England’s Conservative government wants to turn all 20,000 public schools into academies, their equivalent of charter schools, by 2022, write Helen F. Ladd and Edward B. Fiske of Brookings. However, a proposal to force schools to become academies has been dropped.
Two-thirds of England’s publicly funded secondary schools are academies.
The plan laid out in Educational Excellence Everywhere calls for academies to receive funding directly from the national Department for Education, “sharply reducing the role of the local authorities.”
“Our ambition remains that all schools should benefit from the freedom and autonomy that academy status brings,” said Education Secretary Justine Greening in a Parliamentary statement. “Our focus, however, is on building capacity in the system and encouraging schools to convert voluntarily.”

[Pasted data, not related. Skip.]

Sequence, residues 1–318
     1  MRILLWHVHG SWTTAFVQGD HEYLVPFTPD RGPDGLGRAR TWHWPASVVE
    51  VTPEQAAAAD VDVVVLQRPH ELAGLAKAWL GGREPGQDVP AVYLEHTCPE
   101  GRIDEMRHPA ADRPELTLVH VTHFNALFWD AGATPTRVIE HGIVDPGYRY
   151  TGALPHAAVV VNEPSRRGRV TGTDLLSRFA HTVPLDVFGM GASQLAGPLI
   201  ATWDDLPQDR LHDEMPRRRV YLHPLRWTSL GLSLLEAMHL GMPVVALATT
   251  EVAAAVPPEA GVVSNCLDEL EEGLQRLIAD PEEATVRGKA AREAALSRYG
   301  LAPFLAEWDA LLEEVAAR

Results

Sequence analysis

The Conservatives also want to let more schools choose their students.
A new Brown Center Policy Brief describes five lessons U.S. charters can learn from England.